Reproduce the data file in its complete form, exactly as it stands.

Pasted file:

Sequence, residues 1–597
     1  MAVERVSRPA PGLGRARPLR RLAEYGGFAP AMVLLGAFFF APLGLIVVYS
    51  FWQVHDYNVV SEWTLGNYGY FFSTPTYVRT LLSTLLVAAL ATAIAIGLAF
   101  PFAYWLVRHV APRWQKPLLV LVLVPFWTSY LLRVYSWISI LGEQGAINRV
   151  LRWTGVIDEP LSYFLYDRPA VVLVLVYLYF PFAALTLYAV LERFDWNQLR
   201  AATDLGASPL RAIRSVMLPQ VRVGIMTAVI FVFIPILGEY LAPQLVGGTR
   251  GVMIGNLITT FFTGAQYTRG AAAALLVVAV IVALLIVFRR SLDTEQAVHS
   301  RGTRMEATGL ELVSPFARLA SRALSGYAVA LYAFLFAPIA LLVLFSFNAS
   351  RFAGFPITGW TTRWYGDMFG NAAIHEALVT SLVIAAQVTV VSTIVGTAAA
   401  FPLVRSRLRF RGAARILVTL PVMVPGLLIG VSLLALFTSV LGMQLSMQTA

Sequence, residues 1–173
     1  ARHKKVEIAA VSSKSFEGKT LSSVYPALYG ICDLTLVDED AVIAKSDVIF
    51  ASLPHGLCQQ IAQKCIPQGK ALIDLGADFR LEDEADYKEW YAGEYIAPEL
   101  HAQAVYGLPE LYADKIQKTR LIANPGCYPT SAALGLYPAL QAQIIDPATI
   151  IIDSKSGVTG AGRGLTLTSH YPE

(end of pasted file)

Sequence, residues 1–597
     1  MAVERVSRPA PGLGRARPLR RLAEYGGFAP AMVLLGAFFF APLGLIVVYS
    51  FWQVHDYNVV SEWTLGNYGY FFSTPTYVRT LLSTLLVAAL ATAIAIGLAF
   101  PFAYWLVRHV APRWQKPLLV LVLVPFWTSY LLRVYSWISI LGEQGAINRV
   151  LRWTGVIDEP LSYFLYDRPA VVLVLVYLYF PFAALTLYAV LERFDWNQLR
   201  AATDLGASPL RAIRSVMLPQ VRVGIMTAVI FVFIPILGEY LAPQLVGGTR
   251  GVMIGNLITT FFTGAQYTRG AAAALLVVAV IVALLIVFRR SLDTEQAVHS
   301  RGTRMEATGL ELVSPFARLA SRALSGYAVA LYAFLFAPIA LLVLFSFNAS
   351  RFAGFPITGW TTRWYGDMFG NAAIHEALVT SLVIAAQVTV VSTIVGTAAA
   401  FPLVRSRLRF RGAARILVTL PVMVPGLLIG VSLLALFTSV LGMQLSMQTA

Sequence, residues 1–173
     1  ARHKKVEIAA VSSKSFEGKT LSSVYPALYG ICDLTLVDED AVIAKSDVIF
    51  ASLPHGLCQQ IAQKCIPQGK ALIDLGADFR LEDEADYKEW YAGEYIAPEL
   101  HAQAVYGLPE LYADKIQKTR LIANPGCYPT SAALGLYPAL QAQIIDPATI
   151  IIDSKSGVTG AGRGLTLTSH YPE